The family of Abbot Paslew lived in the Parish at Wiswell Hall and had a Pew in this Chapel, which has since been removed. The Coat of Arms on the Pew immediately outside the Chapel, bearing the date 1638, are those of Sherburne, of Stonyhurst. The Sherburne Pew stood where the Pulpit is now, and the Arms were no doubt moved for preservation when the Pew was taken away.
After 1666 the Nave became the centre of worship for everyone. It was filled with family pews attached to local landowning estates and a gallery for people of a lower class.
At the back of the Church was the Churchwardens’ Pew and the Constable’s Pew, which can still be seen. Above this was the Singers’ gallery occupied by singers and either a company of musicians or more rarely, by an organ.
More relics of this time have survived with The Cage, The Starkie pew and The West Gallery in front of the organ.
The Thomas Bradyll Monument is now in the south west corner of the aisle, is of similar stone to the Paslew Tomb. The translation on the monument is :-
“Here lies Thomas, second son of Thomas Bradyll, Esq, and Jane his wife, who departed from this light the 19th day of February, 1672, and in the 10th year of his age.”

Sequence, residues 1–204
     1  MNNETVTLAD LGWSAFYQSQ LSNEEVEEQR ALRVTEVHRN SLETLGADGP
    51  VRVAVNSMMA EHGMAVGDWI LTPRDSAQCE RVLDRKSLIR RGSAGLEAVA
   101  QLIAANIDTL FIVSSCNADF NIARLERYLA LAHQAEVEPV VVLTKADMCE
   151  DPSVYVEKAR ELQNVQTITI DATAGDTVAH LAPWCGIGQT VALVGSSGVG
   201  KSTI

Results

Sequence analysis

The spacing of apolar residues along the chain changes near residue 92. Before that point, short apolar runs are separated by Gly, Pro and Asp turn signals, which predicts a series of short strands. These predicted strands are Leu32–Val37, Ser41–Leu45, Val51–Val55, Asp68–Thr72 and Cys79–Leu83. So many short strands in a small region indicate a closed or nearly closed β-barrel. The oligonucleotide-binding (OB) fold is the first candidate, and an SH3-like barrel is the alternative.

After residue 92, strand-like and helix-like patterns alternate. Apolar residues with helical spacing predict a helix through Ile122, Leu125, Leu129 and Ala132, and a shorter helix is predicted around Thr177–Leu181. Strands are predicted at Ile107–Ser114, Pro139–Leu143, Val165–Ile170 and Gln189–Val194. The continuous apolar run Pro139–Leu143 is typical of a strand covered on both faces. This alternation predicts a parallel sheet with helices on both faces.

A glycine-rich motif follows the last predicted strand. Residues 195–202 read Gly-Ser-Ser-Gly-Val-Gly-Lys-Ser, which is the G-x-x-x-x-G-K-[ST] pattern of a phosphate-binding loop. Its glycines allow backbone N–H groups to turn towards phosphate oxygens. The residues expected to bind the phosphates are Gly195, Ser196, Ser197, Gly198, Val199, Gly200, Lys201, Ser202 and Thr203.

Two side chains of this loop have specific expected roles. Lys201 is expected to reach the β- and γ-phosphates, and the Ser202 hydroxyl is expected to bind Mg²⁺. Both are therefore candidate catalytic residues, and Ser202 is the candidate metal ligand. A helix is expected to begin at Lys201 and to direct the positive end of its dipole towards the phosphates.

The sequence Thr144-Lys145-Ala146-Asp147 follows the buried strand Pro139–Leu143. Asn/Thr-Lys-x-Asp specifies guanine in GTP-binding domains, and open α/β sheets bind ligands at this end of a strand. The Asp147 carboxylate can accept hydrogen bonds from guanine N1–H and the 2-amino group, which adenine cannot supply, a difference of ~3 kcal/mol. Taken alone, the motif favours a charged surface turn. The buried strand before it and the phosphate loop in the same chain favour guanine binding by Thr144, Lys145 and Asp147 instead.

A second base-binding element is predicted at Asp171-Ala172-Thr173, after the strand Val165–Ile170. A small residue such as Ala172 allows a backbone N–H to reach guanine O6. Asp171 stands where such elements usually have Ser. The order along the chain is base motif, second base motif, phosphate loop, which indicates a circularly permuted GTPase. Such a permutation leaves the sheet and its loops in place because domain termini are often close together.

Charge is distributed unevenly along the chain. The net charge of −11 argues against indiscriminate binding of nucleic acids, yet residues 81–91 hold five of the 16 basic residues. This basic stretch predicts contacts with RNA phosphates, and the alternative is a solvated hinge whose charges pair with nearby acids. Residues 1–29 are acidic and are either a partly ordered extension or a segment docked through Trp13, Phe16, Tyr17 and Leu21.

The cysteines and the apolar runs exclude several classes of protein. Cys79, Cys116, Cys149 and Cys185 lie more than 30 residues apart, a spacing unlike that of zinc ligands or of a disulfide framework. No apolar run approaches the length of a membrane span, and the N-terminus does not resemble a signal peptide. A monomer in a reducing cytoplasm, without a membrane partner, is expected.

The Church Chest is a massive oak “safe,” metal bound and with provision for three padlocks, as was customary, with one each being for the Official and Churchwardens. It dates from 1684 and held the Registers and other valuable Church documents secure from almost every danger except fire.
The Church Wardens Pew is situated at the west end of the north aisle. It contains eight seating places assigned to the Churchwardens of the eight Townships chargeable with the upkeep of the Parish Church. On the panel of each seat are the names of each Township and the initials of the Churchwardens at the time the Pew was made. The date is given as 1690. The Staves of Office are still attached. The eight names inscribed on the seats are: - Whalley, Read, Wiswell, Pendelton, Coldcotes, Simonstone, Padiham and Hapton. Only Wiswell remains in the Parish of Whalley.
The Clerestory Windows are thought to have been circular at first and much smaller than the present ones. When the Tower was built in the 15th century, a very fine West Window, was blocked and the Church considerably darkened. The enlarged Clerestory windows (Clerestory meaning a lighting and cooling system), partly compensated for the loss of light, but this did not satisfy a later generation, who added a Dormer Window in 1695.
The Font oak cover is 17th century and the stonework of the Font still bears the marks of the lock which was ordered to secure the cover when the Font was not in use